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Other >> Copyright Forum >> question about band I am no longer in?
(Message started by: sam1967 on Jul 31st, 2005, 9:09pm)

Title: question about band I am no longer in?
Post by sam1967 on Jul 31st, 2005, 9:09pm
Two years ago I was the drummer in a 2 piece.  I wrote all of the drum parts to the guitar and lyrics my partner wrote.  I also wrote 3 songs on the album myself and he played the music I wrote on the guitar to those 3 songs.  We have since split up and he has reformed the band with a new drummer who is playing my drum parts and performing and selling the songs he and I wrote together as well as the songs I wrote.  What should I do?

Title: Re: question about band I am no longer in?
Post by mactheknife on Aug 1st, 2005, 12:11am
Let me start with the easy part: the songs you wrote by yourself.  I assume this means you composed the melody and lyrics, or just the melody if there are no lyrics. Theoretically, you can (1) send in an application for copyright registration to the C.O.; (2) when you get it back, consult with an attorney about filing an infringement suit or at least a cease and desist letter.  In practice, the copyright form is $30, an attorney is hundreds/thousands more, and what you may win in court would amount to less than what you're spending.  So you'll have to think about whether it's worth it, especially if the band is not going to be touring a lot or selling that many records anyway.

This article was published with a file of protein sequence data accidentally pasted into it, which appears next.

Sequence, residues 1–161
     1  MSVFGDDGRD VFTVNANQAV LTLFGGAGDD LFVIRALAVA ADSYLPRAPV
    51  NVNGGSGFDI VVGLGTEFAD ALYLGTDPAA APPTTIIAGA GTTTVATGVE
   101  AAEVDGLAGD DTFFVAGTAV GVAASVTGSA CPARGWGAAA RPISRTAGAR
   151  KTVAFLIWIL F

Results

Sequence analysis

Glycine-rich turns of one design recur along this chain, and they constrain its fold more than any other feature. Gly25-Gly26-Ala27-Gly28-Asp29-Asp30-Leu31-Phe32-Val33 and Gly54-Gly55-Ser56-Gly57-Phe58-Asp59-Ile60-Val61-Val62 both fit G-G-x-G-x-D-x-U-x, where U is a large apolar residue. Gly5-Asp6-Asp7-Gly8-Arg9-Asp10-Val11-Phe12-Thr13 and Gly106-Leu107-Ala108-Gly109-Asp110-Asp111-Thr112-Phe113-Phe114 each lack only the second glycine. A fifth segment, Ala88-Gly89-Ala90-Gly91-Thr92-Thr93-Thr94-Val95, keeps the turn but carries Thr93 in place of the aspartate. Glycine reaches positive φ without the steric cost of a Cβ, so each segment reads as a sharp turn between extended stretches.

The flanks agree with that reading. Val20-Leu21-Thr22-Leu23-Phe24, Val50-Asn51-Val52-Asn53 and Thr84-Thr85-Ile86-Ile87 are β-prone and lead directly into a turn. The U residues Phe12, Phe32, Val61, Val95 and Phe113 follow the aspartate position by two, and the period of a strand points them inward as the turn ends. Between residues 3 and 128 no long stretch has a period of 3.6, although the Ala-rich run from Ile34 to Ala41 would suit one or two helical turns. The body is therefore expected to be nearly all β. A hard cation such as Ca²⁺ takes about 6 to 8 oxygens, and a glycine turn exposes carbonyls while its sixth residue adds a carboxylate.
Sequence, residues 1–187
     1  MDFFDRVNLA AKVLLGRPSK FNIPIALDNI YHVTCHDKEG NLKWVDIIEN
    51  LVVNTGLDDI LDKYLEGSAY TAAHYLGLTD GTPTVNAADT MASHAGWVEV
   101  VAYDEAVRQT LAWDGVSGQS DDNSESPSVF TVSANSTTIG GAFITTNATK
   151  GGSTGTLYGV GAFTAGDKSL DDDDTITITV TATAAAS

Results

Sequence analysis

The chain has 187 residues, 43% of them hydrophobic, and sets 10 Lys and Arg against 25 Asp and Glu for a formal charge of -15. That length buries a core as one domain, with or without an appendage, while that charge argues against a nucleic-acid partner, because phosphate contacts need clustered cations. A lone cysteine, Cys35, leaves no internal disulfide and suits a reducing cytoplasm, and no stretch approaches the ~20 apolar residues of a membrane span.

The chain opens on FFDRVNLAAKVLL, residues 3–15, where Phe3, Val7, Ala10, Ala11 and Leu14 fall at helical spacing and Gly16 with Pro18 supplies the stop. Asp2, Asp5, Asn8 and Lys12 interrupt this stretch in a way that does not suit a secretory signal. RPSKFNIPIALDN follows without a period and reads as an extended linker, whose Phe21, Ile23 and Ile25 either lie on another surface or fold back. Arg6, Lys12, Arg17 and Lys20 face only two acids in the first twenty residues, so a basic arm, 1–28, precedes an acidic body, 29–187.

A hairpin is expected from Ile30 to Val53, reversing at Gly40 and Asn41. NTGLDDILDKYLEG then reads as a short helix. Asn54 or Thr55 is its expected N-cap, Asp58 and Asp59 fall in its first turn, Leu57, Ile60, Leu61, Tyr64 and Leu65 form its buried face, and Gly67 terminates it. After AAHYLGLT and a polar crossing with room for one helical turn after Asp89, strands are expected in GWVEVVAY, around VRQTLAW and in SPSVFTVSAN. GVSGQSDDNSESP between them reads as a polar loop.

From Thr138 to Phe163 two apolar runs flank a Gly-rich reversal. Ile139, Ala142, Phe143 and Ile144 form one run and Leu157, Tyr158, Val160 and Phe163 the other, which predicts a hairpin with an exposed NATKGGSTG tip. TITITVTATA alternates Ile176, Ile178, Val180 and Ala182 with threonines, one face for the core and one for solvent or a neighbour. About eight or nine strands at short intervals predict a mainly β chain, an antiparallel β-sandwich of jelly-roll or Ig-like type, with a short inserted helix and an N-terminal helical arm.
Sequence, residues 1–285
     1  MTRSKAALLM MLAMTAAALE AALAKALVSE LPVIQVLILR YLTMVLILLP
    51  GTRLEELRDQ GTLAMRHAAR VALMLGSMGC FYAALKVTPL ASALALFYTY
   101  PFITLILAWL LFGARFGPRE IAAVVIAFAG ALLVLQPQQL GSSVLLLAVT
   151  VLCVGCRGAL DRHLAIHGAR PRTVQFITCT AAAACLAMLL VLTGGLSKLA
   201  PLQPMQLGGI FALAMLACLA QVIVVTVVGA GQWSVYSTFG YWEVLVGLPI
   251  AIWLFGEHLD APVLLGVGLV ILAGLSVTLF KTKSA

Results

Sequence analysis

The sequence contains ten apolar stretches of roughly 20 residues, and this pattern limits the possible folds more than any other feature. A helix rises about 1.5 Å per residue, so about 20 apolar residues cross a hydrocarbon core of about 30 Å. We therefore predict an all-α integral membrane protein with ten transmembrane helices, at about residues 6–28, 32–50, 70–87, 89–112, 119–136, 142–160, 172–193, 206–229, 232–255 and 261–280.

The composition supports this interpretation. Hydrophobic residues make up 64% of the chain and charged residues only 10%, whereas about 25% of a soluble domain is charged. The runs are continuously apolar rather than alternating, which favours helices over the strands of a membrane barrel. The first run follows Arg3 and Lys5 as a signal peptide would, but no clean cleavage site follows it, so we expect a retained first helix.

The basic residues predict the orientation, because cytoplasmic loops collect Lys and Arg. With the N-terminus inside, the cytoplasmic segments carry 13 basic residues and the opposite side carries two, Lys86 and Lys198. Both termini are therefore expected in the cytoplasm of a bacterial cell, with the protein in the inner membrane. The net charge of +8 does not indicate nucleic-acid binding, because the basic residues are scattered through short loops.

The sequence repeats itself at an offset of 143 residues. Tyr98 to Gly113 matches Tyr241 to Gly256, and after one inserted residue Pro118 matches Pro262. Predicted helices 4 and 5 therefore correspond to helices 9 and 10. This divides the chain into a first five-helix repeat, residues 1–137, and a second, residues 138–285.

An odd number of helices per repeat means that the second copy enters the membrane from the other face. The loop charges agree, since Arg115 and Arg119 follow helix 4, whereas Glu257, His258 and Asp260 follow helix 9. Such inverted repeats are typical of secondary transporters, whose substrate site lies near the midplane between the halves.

Now, the songs you co-wrote with your former partner--this is a bit more tricky.  According to the copyright law, a "musical work" consists basically of lyrics and melody.  A drum part may be considered part of the "arrangement" or it might be considered so insubstantial that you don't get to claim any copyright in the song.  This depends on the level of involvement and complexity in the drum part--if it's more than "garden variety" rock beat or swing beat or whatever, you might be able to claim the song as yours.  Secondly, a song is usually considered a "joint work"--where your part and your partner's lyrics or melody are intended to be merged into a single work (the legalese is "inseparable or interdependent parts of a unitary whole").  If this is the case, both authors own ALL of the song, lyrics, music, drum parts, guitar parts, you name it.  This means that your bandmate owns your drum parts, and you own your partner's lyrics.  Any owner is supposed to be able to use the song, as long as all other owners are compensated equally for the use.

Again, it's possible to register the co-written songs with the Copyright Office and then start legal action, but you have to think about whether it's worth it.  If it's still possible to work things out on your own, it might save a lot of headaches in the long run.

Title: Re: question about band I am no longer in?
Post by Isaac Clark on Aug 1st, 2005, 4:24am
It's not necessary to register the copyright before sending a
cease and desist letter.  But you cannot actually sue before at least applying for registration.

I agree complete with Macktheknife's assessment of the practicalities of suing.



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